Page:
The Royal Palace
The Royal Palace is a Baroque building by architect Nicodemus Tessin the Younger stands tall atop the island of the Old Town (Gamla Stan) and is surrounded by quaint untouched cobblestoned streets and listed buildings. The palace has more than 600 rooms on 7 floors and is the official residence of the Swedish Royal Family in Stockholm. See the Royal Apartments, the Treasury and the Tre Kronor Museum where you can get up close to quite an amazing array of crowns and royal costume jewellery and paraphernalia. Must see? Changing of the guard at 12.15 weekdays and Saturday (1.15 pm on Sundays). Walk there. It’s in the middle of the city. You can’t miss it. Also get there by bus and metro.
Drottningholm Palace (Drottningholms Slott) and grounds is a UNESCO World Heritage Site and the Swedish Royal Family’s permanent pad. On the outskirts of green Stockholm, it has quite simply a stunning setting. Bordering lake Mälaren’s waters, with manicured gardens and idyllic woodland surrounding the buildings, the 17th century Drottningholm Palace and gardens is the type of place that locals go to on hazy summer days with picnic baskets and a book. Must sees? The Court Theatre and the Chinese Pavilion and its gardens, modeled on the palace at Versailles. Get there by bus, boat or car.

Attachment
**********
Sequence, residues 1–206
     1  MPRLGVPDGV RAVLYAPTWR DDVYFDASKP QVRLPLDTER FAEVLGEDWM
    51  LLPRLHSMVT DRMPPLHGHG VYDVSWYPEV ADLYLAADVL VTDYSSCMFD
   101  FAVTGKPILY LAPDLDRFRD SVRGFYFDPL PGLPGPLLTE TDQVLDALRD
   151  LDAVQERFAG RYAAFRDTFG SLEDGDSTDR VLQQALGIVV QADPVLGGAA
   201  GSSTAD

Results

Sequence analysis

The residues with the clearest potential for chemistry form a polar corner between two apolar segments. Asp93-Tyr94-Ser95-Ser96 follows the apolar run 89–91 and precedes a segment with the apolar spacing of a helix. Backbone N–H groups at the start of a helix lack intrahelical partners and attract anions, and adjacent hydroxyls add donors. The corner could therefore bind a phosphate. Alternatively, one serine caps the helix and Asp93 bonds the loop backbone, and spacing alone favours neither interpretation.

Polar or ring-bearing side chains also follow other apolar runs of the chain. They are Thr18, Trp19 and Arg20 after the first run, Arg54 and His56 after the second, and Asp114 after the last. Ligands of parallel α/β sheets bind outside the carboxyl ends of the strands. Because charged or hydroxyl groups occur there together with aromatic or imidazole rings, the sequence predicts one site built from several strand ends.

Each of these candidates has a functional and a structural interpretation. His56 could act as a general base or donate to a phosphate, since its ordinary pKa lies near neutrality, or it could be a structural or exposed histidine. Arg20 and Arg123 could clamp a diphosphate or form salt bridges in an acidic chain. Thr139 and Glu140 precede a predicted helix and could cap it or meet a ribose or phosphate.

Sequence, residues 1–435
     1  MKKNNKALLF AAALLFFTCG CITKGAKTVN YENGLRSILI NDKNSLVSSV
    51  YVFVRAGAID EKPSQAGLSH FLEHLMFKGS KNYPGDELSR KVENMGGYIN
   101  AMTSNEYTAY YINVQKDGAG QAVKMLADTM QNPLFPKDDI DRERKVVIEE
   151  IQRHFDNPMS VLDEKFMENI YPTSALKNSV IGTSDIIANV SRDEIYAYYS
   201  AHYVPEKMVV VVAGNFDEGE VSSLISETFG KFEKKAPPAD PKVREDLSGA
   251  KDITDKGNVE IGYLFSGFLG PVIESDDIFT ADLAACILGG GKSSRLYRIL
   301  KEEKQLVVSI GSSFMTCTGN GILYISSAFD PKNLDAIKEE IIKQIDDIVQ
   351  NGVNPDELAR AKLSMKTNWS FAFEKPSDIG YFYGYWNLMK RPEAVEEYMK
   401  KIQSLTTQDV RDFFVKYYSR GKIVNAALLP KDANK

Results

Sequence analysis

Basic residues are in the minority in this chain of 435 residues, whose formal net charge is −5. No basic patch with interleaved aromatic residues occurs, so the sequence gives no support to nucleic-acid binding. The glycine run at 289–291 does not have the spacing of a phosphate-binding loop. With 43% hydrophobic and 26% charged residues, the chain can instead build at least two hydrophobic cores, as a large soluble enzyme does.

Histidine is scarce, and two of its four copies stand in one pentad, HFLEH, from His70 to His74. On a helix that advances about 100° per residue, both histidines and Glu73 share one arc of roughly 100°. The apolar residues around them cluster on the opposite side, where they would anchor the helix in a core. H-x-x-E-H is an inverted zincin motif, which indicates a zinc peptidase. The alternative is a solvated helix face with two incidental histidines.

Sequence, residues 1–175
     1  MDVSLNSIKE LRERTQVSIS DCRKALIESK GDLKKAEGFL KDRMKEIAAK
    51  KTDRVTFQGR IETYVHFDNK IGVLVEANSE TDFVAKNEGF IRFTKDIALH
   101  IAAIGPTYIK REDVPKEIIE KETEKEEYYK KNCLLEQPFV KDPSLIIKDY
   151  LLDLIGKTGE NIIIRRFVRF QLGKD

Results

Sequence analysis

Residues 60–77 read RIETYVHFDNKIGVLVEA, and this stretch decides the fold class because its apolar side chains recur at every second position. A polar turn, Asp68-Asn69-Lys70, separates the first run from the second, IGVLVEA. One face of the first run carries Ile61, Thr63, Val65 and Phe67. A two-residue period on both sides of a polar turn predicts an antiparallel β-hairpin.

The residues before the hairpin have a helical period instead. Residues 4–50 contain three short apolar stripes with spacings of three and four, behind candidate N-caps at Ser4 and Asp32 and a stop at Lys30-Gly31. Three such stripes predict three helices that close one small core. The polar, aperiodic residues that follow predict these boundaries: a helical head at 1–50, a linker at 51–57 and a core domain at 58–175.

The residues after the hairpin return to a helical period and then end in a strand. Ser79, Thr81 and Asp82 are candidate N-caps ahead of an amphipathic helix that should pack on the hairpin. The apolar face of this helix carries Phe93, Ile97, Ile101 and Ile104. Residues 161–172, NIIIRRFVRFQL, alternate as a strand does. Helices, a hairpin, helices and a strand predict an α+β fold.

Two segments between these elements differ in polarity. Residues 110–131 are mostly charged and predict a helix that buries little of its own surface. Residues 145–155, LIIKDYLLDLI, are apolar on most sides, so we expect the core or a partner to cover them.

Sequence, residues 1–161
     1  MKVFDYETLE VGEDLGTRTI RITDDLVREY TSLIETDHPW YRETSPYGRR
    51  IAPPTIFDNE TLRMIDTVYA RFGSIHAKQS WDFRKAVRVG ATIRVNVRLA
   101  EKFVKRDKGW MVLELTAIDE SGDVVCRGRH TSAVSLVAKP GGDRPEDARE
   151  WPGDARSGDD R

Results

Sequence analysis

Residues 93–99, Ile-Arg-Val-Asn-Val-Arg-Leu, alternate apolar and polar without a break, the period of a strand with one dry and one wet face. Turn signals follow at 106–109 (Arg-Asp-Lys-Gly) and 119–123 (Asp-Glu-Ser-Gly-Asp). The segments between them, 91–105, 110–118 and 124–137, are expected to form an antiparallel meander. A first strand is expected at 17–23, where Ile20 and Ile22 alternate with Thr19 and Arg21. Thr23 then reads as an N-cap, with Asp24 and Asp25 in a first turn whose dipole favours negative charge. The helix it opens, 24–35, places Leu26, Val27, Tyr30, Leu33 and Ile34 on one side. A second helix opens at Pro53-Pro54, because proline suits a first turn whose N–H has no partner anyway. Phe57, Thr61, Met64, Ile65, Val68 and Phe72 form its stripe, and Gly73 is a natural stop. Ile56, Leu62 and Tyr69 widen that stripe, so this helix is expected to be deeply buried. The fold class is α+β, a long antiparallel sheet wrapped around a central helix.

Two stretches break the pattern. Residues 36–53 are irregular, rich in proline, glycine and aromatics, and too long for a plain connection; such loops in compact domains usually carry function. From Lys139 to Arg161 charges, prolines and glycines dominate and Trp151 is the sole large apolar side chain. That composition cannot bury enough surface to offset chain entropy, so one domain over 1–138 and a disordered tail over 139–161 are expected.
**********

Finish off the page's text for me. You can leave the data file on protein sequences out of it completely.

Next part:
Solliden is the Swedish Royal Family summer residence on the stunningly beautiful island of Öland off the south east coast of Sweden. This palace is actually more reminiscent of an Italian style country house and is the Royal’s playground in the summer. Solliden highlights? Magnificent gardens, parkland, pavilion and exhibition. Get there by boat or roadbridge from the mainland.
Best time to visit Solliden is July 14th, when Crown Princess Victoria has her misty-eyed birthday celebrations outdoors and televised with Swedish on-stage entertainment.
In wintertime, get a hot chocolate at any of the cosy cafés around the Royal Palace in the charming Old Town (Gamla Stan).